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I still remember the first time I saw someone make bread. I had spent the night at Nana's and woke up in the morning to find her in the kitchen putting loaves of homemade bread into the oven. The was a big bowl full of puffy dough on the little shelf behind the stove. Quick as a wink, she turned that into my then-favorite thing in all of the world: her Kuchen. Three kinds - streusel, apple and peach! I was about three I think. I started turning out my own bread around the age of 10, simple things mostly - cornbread from the 4H recipe, Moravian Sugar Cake (such fun to poke the holes and fill them with brown sugar) and the Cranberry Bread for Thanksgiving - and I've been baking bread ever since. There is no easier & faster way to trim your grocery bill than to make your own bread.
Along the way I've also been collecting cookbooks - I now own something on the order of 400 or so, many going back 100 years or so. Quite some few of those are collections of bread recipes from names you know like James Beard and Peter Reinhart and people you've never heard of. Most of them line the walls in my living room and kitchen. Secrets of a Jewish Baker: Recipes for 125 Breads from Around the World is my latest addition and in an instant it has won my heart. Certainly it would have a prominent place in my All Time Favorite Cookbooks list - probably in the Top Five. And if I could own just one bread book, this would have to be the one!
Some while back Peter Reinhart taught me to bake bagels (finally!) from his The Bread Baker's Apprentice: Mastering the Art of Extraordinary Bread. Not a week goes by that I don't produce at least one batch. I've made all of Peter's variations and then invented a few of my own using a locally grown whole wheat flour. ) So, I practically jumped out of my chair when I saw that Secrets of a Jewish Baker: Recipes for 125 Breads from Around the World contained an authentic recipe for Onion Rye bagels, one of my long time favorites but almost impossible to find. I made those the very afternoon the book arrived, even though my freezer is full. The entire neighborhood feasted! Next up - George's recipe for rye sourdough starter and some authentic Jewish Rye bread.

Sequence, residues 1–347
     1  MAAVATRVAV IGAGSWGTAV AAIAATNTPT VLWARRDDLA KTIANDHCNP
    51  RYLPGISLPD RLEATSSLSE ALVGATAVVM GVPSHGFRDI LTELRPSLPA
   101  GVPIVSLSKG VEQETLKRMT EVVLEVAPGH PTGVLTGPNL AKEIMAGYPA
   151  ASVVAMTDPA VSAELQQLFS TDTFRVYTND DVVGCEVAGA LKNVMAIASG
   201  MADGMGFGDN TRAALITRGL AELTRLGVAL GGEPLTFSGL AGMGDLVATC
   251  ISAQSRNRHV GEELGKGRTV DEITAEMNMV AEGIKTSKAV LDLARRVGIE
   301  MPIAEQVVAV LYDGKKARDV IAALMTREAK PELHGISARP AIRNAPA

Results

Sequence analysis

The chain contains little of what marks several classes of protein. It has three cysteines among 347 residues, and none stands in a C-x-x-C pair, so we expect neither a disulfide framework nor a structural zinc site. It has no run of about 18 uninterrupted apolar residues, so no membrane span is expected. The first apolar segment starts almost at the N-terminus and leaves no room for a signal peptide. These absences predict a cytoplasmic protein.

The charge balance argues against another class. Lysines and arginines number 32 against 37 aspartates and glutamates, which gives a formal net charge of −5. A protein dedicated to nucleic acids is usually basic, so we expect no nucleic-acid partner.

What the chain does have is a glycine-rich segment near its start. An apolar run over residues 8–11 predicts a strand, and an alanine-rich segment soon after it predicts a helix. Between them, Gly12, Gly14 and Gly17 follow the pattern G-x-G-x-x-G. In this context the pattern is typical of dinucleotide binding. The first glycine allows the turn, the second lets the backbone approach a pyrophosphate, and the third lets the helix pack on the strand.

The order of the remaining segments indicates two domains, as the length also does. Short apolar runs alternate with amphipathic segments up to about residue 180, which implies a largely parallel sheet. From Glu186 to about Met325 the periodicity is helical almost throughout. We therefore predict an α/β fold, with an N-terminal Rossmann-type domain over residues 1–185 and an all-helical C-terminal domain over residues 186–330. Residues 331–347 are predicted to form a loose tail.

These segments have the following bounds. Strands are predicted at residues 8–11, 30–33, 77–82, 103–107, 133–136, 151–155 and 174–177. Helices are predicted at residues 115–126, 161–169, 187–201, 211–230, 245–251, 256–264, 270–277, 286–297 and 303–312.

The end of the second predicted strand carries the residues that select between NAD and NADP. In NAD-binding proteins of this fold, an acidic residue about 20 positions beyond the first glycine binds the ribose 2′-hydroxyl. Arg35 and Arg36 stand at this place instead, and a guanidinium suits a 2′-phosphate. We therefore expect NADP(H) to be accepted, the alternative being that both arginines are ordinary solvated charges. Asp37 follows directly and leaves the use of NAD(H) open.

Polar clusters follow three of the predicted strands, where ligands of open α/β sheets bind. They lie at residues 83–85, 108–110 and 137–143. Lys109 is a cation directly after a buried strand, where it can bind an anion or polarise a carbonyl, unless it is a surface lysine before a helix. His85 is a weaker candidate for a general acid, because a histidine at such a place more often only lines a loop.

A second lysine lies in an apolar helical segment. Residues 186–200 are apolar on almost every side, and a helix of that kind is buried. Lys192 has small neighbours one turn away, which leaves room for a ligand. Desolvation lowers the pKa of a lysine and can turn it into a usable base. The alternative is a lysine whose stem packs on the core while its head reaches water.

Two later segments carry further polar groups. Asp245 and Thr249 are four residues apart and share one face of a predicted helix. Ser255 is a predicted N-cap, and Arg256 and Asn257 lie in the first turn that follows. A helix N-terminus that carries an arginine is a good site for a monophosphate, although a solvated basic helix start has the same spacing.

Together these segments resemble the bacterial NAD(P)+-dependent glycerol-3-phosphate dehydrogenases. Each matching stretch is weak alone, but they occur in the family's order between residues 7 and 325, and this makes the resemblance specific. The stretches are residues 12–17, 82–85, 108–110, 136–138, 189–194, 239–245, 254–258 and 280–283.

I've been making a Jewish Sourdough Rye for a couple of decades now using my wheat flour sourdough starter - and it is lovely. George's rye sourdough starter was a revelation though - easy as the dickens to start with great rise and odor. I just took a batch of bread out of the oven made according to the recipe from Secrets of a Jewish Baker and it is stunningly good. (Yes, I sure will make it again!) And there are at least two dozen more recipes I'm going to try, but I'm out of rye flour and need a few other things.
George Greenstein comes from a family tradition of baking and has spent decades of his life as a master baker. He gives excellent recipes for all of your favorite breads, including some unusual breads that good recipes for are nearly impossible to find and a few you've never heard of, recipes that appear nowhere else in all of my collection.
I've been a bit surprised to see a couple of criticisms - first that there are no pictures and secondly that the book (horrors!) uses the common volumetric measures found in every household in America. To those who complain about lack of pictures, let me just say that virtually none of the classics that have withstood the test of time have much in the way of pictures other than a line drawing or two to explain how to cut up a chicken or roll out puff pastry. Pictures add greatly to the cost of a book without adding a whole lot in the way of explanation.